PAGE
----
An insight into the showing world

The ongoing horse show controversy. 

Showing is a very small fragment in the equine industry. However, it is also one of the most popular disciplines within the sport. With several prestigious shows a year, it is an extremely important factor in the industry. Although showing is a large part of the equine industry it also brings a lot of controversies. Other disciplines such as show jumping and cross country are marked fairly on how many fences the rider clears, however showing is down to the judge’s opinion meaning many riders argue it may be unfair and biased. The size and scale of each show vary depending on if it is a local level show or a county level show.


Local level shows are more popular with amateurs and home produced horses and riders because of the friendly laid back atmosphere. The classes are often easier and do not require the judge to ride or see the horse trotted up without tack. This means no groom is usually needed during the class and many competitors travel and attend alone. The cost to enter a local level show is usually around ten pounds a class. Judges are not as strict on attire and tack at local level shows, although correct attire is encouraged and may influence the judge’s final decision.

Moving up to county level showing can be daunting as the class sizes increase significantly and classes are mainly made up of producers who have a high level of ring knowledge and have often been competing for a long time. Entry prices significantly increase with many being over fifty pounds per class. Judging at county level shows is to a higher standard and judges expect riders to wear the correct attire, have well turned out horses and be able to ride a good show. Judges often ride the competitor’s horse during county level shows meaning the horse must be well behaved and accustomed to different riders.


Some riders argue that both local and county level showing is biased and unfair. Tracey Radcliffe, an ex-competitor, argues that local level judges often place friends and family higher. She states that because of the “small scale of local level shows” judges are well known and often friends with some competitors. She has seen many local level judges “talking and leaving with the winner after the class” and placing friends who are in the wrong class despite the rules. She has also competed at county level shows where she “pays extortionate prices” and often sees producers being picked over amateurs just because of their popularity even if the rider has not produced an adequate show. Since this, she has moved onto other disciplines such as dressage and showjumping as she feels they are judged “fairly and are more rewarding.”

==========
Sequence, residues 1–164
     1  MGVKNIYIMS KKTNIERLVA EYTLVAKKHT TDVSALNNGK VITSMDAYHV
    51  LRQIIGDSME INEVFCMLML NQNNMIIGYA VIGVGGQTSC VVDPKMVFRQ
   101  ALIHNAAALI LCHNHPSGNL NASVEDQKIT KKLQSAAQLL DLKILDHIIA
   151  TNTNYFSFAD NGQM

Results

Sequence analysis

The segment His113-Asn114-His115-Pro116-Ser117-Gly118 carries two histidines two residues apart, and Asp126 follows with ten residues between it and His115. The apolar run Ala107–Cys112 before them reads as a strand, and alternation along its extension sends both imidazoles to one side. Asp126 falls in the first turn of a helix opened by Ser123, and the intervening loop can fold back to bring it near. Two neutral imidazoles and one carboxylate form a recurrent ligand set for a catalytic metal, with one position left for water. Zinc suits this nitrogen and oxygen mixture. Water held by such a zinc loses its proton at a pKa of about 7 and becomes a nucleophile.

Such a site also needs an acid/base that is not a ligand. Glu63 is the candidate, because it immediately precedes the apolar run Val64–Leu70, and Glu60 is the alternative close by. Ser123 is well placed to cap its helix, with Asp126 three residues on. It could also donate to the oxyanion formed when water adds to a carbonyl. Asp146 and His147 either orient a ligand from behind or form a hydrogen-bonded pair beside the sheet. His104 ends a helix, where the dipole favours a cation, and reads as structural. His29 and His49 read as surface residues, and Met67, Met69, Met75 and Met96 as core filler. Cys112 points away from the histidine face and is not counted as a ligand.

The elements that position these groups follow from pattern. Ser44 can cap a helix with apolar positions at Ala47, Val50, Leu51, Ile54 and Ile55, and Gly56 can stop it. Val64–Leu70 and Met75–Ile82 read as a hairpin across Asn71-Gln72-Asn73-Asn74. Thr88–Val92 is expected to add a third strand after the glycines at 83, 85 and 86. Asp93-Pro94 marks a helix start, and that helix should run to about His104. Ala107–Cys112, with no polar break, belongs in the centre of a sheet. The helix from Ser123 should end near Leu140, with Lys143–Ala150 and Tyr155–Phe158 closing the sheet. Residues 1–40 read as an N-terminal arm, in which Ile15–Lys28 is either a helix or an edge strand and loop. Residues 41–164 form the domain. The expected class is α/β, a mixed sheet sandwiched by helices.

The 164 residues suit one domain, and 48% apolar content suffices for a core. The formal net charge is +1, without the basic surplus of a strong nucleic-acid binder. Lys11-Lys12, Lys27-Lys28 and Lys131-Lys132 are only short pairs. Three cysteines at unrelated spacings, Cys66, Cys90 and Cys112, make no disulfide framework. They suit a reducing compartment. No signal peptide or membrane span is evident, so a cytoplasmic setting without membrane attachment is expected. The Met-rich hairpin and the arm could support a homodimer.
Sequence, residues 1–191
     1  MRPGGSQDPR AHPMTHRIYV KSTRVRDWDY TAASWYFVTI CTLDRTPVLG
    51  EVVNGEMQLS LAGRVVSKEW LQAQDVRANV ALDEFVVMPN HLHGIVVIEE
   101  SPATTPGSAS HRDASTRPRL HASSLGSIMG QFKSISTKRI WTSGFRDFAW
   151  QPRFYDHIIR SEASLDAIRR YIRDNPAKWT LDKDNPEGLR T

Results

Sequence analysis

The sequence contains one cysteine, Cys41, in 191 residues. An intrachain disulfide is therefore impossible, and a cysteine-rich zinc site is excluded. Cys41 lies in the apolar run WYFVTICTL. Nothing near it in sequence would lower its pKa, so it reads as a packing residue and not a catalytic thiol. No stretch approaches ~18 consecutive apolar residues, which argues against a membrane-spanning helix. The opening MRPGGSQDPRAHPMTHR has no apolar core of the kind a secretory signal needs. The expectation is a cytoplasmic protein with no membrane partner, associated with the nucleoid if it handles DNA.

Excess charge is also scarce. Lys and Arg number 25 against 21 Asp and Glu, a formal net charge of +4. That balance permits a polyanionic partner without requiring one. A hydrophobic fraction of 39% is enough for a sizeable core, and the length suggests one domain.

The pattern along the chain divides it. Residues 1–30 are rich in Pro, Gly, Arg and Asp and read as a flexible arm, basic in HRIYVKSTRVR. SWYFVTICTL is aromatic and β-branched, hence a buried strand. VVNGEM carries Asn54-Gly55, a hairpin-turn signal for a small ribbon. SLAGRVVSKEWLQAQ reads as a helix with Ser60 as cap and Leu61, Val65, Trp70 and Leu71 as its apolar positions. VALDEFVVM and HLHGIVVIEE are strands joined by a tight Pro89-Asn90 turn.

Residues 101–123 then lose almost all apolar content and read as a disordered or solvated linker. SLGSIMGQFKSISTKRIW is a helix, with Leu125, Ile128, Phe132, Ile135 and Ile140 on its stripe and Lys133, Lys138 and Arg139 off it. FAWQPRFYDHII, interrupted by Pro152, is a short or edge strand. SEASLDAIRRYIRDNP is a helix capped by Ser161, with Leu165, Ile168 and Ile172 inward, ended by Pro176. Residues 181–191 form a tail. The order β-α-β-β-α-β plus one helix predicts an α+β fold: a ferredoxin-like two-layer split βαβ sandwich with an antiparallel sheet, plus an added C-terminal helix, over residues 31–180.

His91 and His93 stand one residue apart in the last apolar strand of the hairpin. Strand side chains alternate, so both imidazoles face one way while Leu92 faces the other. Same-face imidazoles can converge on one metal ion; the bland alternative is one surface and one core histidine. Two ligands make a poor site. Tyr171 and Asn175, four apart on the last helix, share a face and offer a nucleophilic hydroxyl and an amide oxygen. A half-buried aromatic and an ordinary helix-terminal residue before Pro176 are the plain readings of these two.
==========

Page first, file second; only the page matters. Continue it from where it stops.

Emily Hanson, 18, from Halifax, has ridden both with producers and without. She states that since stabling her horses at a producers yard she has found it easier to qualify for county level shows and it has helped her to overcome “bad habits.” She receives two lessons a week and is regularly assessed in order to improve her riding. The producers, Kirsty and Alex Ahern, are happy to “jump on and help to give advice” to overcome any possible struggles. Since joining the Ahern’s team she has also gained knowledge on “ring craft” and how to be “successful in the ring.”


Photo by Emily Hanson

At county level shows Emily mainly competes against other producers. Even though there are “some home produced” riders there’s “definitely more producers.” The Royal International Horse Show is a prestigious show that takes place once a year and is extremely hard to qualify for. Producers may have an upper hand due to their knowledge and experience, to try to encourage more amateur riders there are “Pretty Polly” classes which are limited to home produced riders only.


Photo by Emily Hanson

Tabitha Gill, 14, from Todmorden, competes her pony Jackson regularly at both county and local level shows. Starting off as an amateur she has made her way up to county level shows and competes regularly throughout the season. She finds some limitations when competing against producers because of their skill but overcomes this by practising at least “five times a week.” The two things she found hardest when moving up to county level showing was the “level of competition and the class sizes.” Classes can last for over an hour which means horses need to be fit, patient and have plenty of experience. Local level shows are a better environment for younger inexperienced horses because of the laid back attitude.

Judging at shows with a variety of different horses could be seen as difficult and judges will often have to put their opinion and thoughts first. This could be seen unfair to many and some riders may have an advantage. However, showing has been a successful sector in the industry for many years and continues to play a very strong role in the equine industry.


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